1. The article is correct, MPEG has had a tremendous impact on the industry. Satellite receiver/decoders that used to cost $1000 when digital was first introduced now cost $6-7000 when they contain the hardware to decode mpeg4 video and transcode it to mpeg2 that cable systems can use. Programmers used to bear the cost of providing satellite receivers to smaller cable systems, but they don't do that any more at these prices.

    The fact that there is only one manufacturer for each of the two types of encryption, Motorola for DCII and Cisco for PowerVu, means there is no competition on price either. Add all this up, and it is the reason our small cable company decided to get out of the satellite video business completely, switch to being an ISP and offering only all the local off-air channels we can receive at our location. It has been the best decision we have made in years. Customers stillcome to us for local channels since we carry all the subchannels that Dish and DirecTV do not carry.

      1. Yep, local off-airs including all their subchannels and a few free satellite services, such as QVC, HSN, EWTN, INSP, RFD, and NASA. RFD isn't free but we are a small town system in a rural area, and RFD is very popular. We lost a few subscribers initially, but we picked up some new ones, people who are cord-cutters, people who don't want hundreds of shopping channels and others they have no interest in, or only want local news/weather and who quit Dish and DirecTV. It's like we've gone back to the old days of CATV and people are quite happy with it. People can watch other programs via their internet connection anyway.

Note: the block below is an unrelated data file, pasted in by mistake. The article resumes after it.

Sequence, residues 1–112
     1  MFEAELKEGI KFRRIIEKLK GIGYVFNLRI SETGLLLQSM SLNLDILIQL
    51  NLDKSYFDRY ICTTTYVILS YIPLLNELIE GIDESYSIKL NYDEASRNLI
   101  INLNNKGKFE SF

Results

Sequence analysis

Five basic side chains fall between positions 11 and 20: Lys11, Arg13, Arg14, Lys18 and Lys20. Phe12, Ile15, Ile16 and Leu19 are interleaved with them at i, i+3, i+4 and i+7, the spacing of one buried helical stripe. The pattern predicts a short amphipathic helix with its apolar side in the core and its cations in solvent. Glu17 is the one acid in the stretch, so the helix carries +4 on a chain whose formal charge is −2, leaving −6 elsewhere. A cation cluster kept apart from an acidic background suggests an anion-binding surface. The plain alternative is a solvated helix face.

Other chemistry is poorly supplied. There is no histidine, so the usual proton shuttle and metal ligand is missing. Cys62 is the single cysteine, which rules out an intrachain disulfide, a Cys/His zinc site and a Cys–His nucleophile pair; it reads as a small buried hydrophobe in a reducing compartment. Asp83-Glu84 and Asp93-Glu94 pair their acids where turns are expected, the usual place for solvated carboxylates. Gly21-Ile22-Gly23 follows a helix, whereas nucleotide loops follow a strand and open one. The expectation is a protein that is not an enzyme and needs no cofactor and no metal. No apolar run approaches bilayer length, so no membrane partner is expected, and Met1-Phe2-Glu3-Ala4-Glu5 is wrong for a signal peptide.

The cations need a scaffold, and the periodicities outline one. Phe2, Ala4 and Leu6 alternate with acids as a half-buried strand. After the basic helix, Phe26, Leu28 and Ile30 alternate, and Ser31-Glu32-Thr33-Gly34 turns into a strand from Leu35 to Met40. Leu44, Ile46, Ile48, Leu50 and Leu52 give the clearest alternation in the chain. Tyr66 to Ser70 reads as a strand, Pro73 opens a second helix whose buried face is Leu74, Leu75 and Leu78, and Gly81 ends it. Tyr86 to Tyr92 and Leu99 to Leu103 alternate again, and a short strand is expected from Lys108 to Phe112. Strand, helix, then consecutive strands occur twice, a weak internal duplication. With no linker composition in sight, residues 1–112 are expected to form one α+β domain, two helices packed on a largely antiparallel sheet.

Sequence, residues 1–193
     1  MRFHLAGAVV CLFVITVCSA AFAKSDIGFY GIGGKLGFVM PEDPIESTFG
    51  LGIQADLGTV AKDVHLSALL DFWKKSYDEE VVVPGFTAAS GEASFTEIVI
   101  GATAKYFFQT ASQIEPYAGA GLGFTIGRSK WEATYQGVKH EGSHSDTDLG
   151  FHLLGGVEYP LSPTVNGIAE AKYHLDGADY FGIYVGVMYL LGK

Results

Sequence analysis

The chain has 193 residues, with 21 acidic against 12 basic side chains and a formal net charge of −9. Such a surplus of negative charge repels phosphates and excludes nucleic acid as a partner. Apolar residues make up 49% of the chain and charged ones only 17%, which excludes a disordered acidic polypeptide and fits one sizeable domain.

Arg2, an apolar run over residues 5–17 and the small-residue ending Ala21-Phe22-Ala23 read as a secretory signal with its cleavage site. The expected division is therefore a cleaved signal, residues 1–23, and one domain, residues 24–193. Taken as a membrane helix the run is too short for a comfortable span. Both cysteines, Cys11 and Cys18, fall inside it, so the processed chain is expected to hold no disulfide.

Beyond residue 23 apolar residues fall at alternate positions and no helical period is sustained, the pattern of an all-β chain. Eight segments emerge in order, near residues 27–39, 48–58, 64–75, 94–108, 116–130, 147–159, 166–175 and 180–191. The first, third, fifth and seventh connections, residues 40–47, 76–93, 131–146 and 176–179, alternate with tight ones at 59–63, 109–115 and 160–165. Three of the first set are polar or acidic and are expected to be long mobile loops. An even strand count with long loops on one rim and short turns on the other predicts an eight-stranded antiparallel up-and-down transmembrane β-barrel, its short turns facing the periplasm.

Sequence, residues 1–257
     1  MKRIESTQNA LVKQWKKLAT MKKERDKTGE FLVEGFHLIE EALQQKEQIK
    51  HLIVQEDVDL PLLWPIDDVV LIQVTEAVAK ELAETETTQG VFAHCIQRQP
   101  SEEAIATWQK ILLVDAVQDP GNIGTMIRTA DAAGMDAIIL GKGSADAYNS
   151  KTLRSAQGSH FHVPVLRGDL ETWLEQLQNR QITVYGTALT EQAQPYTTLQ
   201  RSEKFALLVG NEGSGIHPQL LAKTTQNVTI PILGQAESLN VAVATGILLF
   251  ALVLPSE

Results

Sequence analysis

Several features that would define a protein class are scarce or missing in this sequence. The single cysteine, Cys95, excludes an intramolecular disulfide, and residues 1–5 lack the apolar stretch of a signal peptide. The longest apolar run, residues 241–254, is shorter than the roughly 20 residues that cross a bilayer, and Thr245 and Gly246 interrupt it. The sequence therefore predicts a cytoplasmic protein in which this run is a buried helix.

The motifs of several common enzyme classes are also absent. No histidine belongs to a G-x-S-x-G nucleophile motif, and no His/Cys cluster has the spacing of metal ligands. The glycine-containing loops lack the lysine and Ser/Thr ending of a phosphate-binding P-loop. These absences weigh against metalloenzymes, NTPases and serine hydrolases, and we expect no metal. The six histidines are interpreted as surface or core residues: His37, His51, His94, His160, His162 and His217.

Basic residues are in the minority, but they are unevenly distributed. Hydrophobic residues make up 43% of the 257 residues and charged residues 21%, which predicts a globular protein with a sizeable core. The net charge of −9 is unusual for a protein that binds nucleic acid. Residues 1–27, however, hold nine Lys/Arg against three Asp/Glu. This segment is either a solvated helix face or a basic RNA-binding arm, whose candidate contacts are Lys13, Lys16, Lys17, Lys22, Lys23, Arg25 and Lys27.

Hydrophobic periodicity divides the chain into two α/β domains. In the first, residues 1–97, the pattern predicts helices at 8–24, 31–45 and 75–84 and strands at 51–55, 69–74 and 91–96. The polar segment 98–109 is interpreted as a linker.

1. Interesting. I think we all might be headed this way. What percentage of your subscriber base did you lose when you moved in this direction?

          1. When we shut down all the satellite programming we lost about half of our video-only customers, but we expected that plus more, actually. We were changing the focus of our company to being a pure ISP with a local-channel video service, so we kept all the data customers, which was about 80% of our total number. Since the move we have gained back most of the video subs we lost, mainly because we carry channels the satellites don't, plus some new subscribers, and our internet business has been great, still adding new customers in that dept.

  2. I've seen estimates that say the new HEVC standard could take an HD signal down to close to 2 Mbps. Stay tuned.

  3. Yes, I saw that, it's very interesting. I suppose the satellite receivers will cost $9-11,000 for each channel for that when it becomes available. LOL Like most small/medium-sized cable systems, we decided to just let Dish & DirecTV have the video business, and we will stick to being an ISP, something they just can't compete with….yet due to latency issues, high cost, etc. Get the highest speed connection you can afford and sell that to your customers and you'll do fine. Nowadays they can watch HD programming from Netflix, etc via their internet connection and be quite happy as long as you don't hobble them with caps. Don't act like the cellphone companies in this department and your customers will be beating down your door and stick with you for the long run.

  4. It would be nice to see support for interlaced encoding akin to those found in AVC, I think the broadcast industry should put some pressure behind this….